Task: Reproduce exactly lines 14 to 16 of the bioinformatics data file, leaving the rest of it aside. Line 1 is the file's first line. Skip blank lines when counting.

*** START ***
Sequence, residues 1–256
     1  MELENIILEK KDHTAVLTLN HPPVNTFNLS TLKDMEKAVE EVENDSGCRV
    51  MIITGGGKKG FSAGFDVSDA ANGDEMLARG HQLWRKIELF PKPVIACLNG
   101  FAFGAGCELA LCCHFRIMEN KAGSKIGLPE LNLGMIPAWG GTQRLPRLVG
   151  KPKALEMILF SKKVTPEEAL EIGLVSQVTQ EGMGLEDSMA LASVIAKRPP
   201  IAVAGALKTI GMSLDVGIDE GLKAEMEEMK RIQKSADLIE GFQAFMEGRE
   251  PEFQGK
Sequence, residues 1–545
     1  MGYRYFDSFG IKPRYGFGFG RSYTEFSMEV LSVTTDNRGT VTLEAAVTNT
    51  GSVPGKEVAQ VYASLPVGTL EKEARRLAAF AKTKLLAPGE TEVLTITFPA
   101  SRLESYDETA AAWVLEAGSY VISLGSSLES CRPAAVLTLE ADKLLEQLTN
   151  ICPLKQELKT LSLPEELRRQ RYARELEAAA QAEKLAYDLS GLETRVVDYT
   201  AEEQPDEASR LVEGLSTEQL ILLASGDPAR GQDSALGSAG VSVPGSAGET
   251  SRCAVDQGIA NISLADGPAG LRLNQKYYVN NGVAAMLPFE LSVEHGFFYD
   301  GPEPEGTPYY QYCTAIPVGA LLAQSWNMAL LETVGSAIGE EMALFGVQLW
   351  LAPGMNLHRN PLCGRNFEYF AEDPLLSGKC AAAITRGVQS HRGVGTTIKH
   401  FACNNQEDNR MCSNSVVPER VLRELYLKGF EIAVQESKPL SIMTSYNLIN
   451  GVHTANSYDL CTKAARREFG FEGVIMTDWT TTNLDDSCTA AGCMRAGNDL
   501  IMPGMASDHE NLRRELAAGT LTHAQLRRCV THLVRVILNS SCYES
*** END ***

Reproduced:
   251  SRCAVDQGIA NISLADGPAG LRLNQKYYVN NGVAAMLPFE LSVEHGFFYD
   301  GPEPEGTPYY QYCTAIPVGA LLAQSWNMAL LETVGSAIGE EMALFGVQLW
   351  LAPGMNLHRN PLCGRNFEYF AEDPLLSGKC AAAITRGVQS HRGVGTTIKH